Thanks to Elaine King and Mariana Martinez for following up on last year’s conference theme of “Myths and Realities” with Myths and Realities about Culture and Families: Examples of Latin families.
Myths and Realities about Culture and Families: Examples of Latin families
Culture is often thought of as a set of fixed, rigid, unchangeable characteristics belonging to a group in a specific geographic area. People exhibit this view with comments such as “this is an Asian family” or “this is a Middle Eastern family,” assuming that this description is enough to explain much of an individual’s behavior and how a family functions. However, if the concept of culture is to be useful in understanding families, advisors need to realize that culture is a dynamic variable that interacts with other variables such as multigenerational process, levels of maturity in a family group and changing contexts.
Culture is a set of worldviews, values and adaptive behaviors derived from simultaneous membership in a variety of contexts, including nationality, ethnicity, religion, social class, level of education, migratory pattern and generation (historical moment). Falicov (1988) suggests that the unique set of influences derived from the combination of contexts in which the family belongs represents a “cultural niche.” Each family develops a particular cultural niche that, if looked at closely, is like no other and needs to be treated on a case-by-case basis.
In order to give culture its proper dimension, it is necessary to clarify some widespread myths about its impact on the day-to-day life of a family. As with any myth, these ideas, believed by many people have some truth in them, but are not precise. Three myths discussed below are illustrated with examples of high-net-worth families in Latin America that receive services in a multi-family office.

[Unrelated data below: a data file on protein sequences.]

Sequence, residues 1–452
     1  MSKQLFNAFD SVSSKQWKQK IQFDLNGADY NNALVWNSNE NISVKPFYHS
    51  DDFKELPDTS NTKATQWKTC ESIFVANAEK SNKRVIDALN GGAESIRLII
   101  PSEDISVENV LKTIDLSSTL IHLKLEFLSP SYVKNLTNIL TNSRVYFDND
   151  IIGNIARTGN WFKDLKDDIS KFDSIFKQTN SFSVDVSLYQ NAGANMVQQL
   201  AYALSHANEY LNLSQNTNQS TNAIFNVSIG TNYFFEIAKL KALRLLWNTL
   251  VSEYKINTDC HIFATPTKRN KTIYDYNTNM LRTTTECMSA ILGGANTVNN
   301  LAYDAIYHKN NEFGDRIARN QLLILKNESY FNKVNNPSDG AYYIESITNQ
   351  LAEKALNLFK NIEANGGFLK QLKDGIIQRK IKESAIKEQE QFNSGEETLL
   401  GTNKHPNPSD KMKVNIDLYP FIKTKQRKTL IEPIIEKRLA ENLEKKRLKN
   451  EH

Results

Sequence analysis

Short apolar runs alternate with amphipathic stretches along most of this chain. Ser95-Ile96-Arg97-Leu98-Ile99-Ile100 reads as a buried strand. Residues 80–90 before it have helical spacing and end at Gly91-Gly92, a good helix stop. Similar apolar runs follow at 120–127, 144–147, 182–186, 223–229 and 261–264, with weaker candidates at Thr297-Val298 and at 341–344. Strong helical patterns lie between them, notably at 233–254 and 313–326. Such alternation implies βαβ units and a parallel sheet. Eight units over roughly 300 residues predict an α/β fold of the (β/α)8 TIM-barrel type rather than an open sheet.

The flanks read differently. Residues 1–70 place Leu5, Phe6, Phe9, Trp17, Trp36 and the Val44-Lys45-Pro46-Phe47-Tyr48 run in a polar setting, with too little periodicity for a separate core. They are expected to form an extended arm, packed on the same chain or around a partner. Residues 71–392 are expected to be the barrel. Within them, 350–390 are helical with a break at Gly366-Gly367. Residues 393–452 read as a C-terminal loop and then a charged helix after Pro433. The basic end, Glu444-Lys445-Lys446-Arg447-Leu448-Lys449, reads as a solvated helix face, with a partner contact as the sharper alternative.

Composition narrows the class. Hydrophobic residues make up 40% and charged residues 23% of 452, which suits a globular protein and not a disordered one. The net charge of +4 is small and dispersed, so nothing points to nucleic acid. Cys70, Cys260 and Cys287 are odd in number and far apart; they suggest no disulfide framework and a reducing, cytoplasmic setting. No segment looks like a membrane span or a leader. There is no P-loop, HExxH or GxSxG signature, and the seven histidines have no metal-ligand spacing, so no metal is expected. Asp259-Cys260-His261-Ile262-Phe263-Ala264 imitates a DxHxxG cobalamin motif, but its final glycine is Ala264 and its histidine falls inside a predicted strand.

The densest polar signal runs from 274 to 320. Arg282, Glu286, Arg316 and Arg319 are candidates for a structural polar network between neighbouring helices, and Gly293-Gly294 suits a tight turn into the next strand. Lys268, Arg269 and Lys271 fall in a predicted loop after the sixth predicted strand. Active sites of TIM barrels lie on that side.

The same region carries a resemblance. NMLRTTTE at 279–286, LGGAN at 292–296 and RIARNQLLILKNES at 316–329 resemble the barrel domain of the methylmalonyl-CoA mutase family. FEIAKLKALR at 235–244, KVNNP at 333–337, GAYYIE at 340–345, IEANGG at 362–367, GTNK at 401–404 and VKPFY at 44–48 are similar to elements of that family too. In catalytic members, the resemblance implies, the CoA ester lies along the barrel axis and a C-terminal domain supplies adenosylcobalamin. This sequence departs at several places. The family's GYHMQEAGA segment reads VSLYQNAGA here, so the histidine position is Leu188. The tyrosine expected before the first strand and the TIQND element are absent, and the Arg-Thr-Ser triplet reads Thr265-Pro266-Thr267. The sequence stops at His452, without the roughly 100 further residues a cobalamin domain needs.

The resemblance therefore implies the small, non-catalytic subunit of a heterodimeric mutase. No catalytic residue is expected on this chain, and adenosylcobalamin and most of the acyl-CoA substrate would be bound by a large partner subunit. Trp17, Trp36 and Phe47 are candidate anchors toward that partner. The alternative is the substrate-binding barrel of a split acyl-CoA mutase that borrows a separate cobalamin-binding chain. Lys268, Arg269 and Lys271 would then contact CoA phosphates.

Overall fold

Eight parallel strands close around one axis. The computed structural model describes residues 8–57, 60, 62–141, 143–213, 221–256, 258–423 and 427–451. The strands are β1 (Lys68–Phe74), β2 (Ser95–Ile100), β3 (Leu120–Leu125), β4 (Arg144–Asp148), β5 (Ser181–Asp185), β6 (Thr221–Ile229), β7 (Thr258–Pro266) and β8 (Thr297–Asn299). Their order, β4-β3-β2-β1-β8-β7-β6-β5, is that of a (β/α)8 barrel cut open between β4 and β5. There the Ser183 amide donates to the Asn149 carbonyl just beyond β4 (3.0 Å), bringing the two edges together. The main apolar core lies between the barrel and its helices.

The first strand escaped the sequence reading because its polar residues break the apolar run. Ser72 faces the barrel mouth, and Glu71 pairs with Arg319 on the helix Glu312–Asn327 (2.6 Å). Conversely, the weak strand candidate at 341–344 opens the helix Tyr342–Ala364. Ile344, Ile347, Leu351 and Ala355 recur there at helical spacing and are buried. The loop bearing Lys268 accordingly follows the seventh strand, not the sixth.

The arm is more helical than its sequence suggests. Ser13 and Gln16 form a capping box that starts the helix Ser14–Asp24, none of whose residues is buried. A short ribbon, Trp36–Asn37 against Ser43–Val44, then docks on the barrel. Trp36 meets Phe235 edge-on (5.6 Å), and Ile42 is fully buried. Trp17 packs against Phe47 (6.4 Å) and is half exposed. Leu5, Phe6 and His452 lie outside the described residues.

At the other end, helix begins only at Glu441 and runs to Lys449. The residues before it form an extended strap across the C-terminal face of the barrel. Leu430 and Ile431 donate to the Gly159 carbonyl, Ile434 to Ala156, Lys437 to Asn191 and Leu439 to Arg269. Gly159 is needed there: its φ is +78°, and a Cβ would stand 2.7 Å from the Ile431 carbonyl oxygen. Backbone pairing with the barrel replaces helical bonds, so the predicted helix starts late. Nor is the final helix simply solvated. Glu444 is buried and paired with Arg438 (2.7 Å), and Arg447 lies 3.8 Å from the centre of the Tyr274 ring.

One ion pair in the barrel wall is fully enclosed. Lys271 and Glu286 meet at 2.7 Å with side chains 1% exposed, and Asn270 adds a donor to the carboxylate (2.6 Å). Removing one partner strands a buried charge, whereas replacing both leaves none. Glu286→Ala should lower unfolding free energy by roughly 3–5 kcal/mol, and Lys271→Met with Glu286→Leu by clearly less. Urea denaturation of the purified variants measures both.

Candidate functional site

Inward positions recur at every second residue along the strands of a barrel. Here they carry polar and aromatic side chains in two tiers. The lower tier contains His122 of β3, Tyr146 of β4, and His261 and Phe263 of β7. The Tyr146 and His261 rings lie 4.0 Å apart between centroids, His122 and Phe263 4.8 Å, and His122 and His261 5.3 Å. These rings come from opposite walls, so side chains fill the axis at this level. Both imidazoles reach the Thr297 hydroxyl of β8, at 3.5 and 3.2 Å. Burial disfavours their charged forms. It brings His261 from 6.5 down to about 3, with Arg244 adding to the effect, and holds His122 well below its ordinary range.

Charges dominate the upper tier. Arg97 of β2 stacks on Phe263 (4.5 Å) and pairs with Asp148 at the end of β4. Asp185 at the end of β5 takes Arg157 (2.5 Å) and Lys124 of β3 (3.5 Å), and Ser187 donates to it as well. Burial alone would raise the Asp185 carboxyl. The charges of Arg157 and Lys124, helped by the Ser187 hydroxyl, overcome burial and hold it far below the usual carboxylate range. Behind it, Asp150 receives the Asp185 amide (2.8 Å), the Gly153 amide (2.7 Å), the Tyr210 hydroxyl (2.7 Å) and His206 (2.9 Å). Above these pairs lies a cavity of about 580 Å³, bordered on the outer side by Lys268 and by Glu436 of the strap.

Myth 1: “All Latin families share values in relation to gender roles. Women are in charge of rearing children and caring for the household, while men are involved in the world outside of the home and in creating wealth.”
Reality: It is true that there is a tendency for Latin families to value the role of women in relation to childrearing and homemaking, yet, there are important differences in the way in which families exhibit this value with significant implications for the organization of the family system.
For example, in the early days the C family had a business that was far from home and where most men in the family worked. The presence of women at home was key to the survival and cohesion of the family. The new generation stated in its business protocol that women are not to be part of the business while they were raising their children. This rule does not apply to the men in the family.